Ask the Probate Lawyer: What to do if you’re named as Executor in a Will.
If you’ve been designated to serve as the Personal Representative (sometimes also called Executor or Executrix) in a Will, you will need to hire a Probate Lawyer to handle the Estate in Probate Court. Don’t worry: the attorney fees charged by the Probate Lawyer will typically come out of the funds of the Estate, not from your own personal assets.
Once you’ve hired a Probate Lawyer, you’ll meet with the attorney and begin to gather all pertinent information. The attorney will prepare and file documents to petition the Probate Court to admit the deceased person’s Will for probate administration.
Can’t I just handle the business of the Estate Myself?
No. In Tennessee, the administration of an Estate must be done with the assistance of a licensed attorney. Many people mistakenly believe that if you are named as the Personal Representative in a Will, then you only need a copy of the Will and an I.D. to conduct business on behalf of the deceased person or the Estate, but this is not correct. To legally transact business on behalf of the Estate, you must be officially appointed by the Probate Court and present the proper authorization.
Do I have to go to Probate Court?
Yes, if the deceased person had assets or accounts that do not have a joint owner or a beneficiary named. You will have to go to Probate Court with the attorney to prove the Will and to be officially appointed by the Probate Judge as the Personal Representative of the Estate. At this court appearance, the attorney will address the judge and you will be asked certain questions about the deceased person and the Will. The Probate Judge will then review the Will and the proof and decide whether or not to admit the Will for probate. If the Will is admitted, you, as the Personal Representative, will then be sworn in as a fiduciary, and you will be issued “Letters Testamentary” or “Letters of Administration,” which will allow you to legally conduct business on behalf of the Estate.
Required Steps in Probate Administration
Once the Estate has been opened and you’ve been officially appointed to serve, you will complete the following required steps with the help of your Probate Lawyer:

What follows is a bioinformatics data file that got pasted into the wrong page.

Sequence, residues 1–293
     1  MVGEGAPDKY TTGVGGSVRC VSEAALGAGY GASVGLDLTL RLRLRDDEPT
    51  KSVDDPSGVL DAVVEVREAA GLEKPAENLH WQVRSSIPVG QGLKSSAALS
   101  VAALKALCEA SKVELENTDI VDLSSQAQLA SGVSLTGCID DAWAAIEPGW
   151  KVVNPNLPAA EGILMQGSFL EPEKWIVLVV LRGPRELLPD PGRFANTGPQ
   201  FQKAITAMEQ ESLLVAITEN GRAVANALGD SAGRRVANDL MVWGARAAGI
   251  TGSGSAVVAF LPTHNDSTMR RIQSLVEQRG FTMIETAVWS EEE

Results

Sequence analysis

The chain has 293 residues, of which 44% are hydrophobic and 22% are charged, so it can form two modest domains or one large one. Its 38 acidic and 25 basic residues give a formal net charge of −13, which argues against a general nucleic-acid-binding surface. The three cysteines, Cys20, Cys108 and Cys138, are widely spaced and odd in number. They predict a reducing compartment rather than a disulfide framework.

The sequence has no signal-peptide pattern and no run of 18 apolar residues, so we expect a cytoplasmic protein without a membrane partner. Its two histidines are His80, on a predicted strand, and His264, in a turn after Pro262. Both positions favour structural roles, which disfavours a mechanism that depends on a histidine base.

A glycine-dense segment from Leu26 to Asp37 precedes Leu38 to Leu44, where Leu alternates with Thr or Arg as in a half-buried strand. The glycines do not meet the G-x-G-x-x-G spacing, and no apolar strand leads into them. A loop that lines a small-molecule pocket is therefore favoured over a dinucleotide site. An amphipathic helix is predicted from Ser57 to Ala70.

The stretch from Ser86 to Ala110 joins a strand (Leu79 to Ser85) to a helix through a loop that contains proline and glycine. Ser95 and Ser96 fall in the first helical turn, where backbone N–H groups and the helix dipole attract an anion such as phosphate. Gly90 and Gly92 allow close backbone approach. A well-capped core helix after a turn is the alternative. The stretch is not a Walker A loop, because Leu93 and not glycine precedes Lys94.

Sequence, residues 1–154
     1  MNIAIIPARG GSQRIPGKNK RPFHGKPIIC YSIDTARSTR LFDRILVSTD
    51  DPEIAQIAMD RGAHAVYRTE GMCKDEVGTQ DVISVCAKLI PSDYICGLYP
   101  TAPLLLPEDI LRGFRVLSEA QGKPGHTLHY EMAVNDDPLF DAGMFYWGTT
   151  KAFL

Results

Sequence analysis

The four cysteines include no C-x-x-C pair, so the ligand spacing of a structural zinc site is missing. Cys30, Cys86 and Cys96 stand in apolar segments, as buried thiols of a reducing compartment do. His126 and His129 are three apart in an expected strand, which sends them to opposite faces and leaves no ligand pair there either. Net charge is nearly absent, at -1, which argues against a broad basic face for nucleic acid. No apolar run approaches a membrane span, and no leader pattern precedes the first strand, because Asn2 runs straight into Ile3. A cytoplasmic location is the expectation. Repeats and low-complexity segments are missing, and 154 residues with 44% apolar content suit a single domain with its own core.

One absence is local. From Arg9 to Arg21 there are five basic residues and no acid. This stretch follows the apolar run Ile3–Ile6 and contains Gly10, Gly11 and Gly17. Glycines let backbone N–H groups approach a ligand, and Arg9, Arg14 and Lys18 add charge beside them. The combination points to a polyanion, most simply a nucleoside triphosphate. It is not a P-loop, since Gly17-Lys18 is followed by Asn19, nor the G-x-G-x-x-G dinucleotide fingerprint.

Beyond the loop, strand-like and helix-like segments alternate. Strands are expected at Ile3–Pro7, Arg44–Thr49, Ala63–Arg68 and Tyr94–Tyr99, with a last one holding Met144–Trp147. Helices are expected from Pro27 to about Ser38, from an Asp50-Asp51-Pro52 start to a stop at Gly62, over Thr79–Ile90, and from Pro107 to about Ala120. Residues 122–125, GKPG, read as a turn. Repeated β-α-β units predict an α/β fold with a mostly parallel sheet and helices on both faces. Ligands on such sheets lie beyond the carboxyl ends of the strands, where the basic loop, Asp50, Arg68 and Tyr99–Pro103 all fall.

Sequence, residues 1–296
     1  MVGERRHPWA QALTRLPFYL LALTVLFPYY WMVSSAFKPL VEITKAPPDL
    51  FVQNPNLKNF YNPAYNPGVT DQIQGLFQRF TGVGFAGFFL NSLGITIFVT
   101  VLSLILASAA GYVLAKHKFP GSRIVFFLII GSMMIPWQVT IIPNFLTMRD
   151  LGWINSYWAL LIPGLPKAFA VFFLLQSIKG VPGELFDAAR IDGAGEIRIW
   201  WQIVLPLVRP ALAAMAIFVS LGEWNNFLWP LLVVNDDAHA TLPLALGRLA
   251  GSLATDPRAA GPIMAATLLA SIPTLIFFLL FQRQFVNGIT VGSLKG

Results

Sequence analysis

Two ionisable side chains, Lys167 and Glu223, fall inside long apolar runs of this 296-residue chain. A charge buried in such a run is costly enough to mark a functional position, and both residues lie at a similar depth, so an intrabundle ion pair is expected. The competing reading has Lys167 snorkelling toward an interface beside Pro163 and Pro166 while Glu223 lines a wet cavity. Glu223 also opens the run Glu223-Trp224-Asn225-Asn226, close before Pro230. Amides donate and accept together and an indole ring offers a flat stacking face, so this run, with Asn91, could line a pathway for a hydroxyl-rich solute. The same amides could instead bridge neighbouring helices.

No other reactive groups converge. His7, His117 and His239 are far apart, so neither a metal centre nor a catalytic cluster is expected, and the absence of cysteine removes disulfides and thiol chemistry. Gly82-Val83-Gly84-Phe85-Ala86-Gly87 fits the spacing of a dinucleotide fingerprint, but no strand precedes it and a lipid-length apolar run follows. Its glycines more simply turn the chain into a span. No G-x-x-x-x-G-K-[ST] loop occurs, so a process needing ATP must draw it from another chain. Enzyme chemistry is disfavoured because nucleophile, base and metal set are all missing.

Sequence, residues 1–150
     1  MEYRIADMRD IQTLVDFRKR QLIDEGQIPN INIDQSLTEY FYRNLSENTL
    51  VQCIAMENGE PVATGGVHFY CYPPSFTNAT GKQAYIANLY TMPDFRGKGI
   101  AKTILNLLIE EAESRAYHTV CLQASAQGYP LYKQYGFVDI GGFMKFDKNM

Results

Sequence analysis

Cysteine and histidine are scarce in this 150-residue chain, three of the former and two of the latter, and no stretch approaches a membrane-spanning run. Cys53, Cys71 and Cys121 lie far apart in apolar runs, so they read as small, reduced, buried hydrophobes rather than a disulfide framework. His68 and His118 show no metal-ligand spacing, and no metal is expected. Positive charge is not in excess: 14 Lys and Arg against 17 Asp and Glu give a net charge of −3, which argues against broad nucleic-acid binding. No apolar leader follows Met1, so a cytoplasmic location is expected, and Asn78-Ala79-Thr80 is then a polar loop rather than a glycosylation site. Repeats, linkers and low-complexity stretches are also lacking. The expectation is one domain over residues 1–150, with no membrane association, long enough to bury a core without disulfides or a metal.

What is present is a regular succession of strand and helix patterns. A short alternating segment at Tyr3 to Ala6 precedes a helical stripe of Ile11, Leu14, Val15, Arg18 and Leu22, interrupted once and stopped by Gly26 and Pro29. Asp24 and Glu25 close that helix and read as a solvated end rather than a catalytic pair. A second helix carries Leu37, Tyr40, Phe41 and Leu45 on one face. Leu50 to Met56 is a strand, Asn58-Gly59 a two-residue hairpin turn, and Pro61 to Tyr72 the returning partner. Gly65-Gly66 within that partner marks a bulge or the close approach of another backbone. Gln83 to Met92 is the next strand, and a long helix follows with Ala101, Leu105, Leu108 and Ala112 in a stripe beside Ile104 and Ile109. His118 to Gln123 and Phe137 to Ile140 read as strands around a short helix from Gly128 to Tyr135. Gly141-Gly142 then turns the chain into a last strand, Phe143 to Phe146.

(1) Establish a separate bank account for the Estate;
(2) Give notice to beneficiaries of the opening of the Estate;
(3) Give notice to creditors and TennCare of the opening of the estate;
(4) File affidavits regarding notice to beneficiaries and TennCare;
(5) File annual accountings and inventories; and
(6) Collect the deceased person’s assets and distribute them amongst the beneficiaries.
Do I Get Paid for the Time and Expenses I Incur While Serving as a Personal Representative?
Yes. A Personal Representative is entitled to reimbursement of expenses that he or she personally incurs in administering the Estate. A Personal Representative is entitled to a reasonable fee at the conclusion of the administration of the estate. However, the position is truly more of a responsibility than a profitable endeavor. There is a significant amount of work for the Personal Representative to do. The amount of the fee depends on a number of factors, which the Probate Lawyer will discuss with you.
How long does the Probate Process take?
An Estate must remain open for a minimum of 4 months to allow creditors time to file any claims. On average, it has been our experience that 6-9 months is a reasonable estimate of the time it takes to conclude the administration of an Estate if everything is straightforward. In some cases, it can take 12-15 months. If an Estate takes longer than 15 months to administer, it generally means that there has been a problem that has arisen during the process, such as a tax problem, a will contest, or even the presentation of an unknown heir.
Let us be your Probate Lawyer. We can help.
Call us at 901-372-5003 if you need help. If you hire us, we’ll walk you through the entire process and do our best to make your job as Personal Representative as easy for you as possible. We handle probate cases throughout Tennessee and Mississippi, including in Shelby County, Memphis, Bartlett, Arlington, Germantown, and Cordova.